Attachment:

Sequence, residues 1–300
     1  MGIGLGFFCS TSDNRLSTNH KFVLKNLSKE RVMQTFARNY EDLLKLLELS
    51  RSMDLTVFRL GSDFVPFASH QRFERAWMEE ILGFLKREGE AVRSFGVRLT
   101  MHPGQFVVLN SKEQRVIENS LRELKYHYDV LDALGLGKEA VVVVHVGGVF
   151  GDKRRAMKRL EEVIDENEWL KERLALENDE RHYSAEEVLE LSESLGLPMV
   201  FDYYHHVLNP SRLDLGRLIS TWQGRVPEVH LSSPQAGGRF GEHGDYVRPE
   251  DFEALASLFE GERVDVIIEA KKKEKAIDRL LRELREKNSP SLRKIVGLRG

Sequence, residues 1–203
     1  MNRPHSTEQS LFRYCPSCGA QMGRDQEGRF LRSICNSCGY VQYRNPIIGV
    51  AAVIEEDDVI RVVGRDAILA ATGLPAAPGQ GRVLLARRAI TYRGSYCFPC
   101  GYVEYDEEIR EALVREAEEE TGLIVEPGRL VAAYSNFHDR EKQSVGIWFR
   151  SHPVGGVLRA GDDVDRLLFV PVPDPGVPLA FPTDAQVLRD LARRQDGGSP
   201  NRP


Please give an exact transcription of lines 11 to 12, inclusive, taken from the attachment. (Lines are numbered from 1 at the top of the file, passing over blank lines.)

   101  GYVEYDEEIR EALVREAEEE TGLIVEPGRL VAAYSNFHDR EKQSVGIWFR
   151  SHPVGGVLRA GDDVDRLLFV PVPDPGVPLA FPTDAQVLRD LARRQDGGSP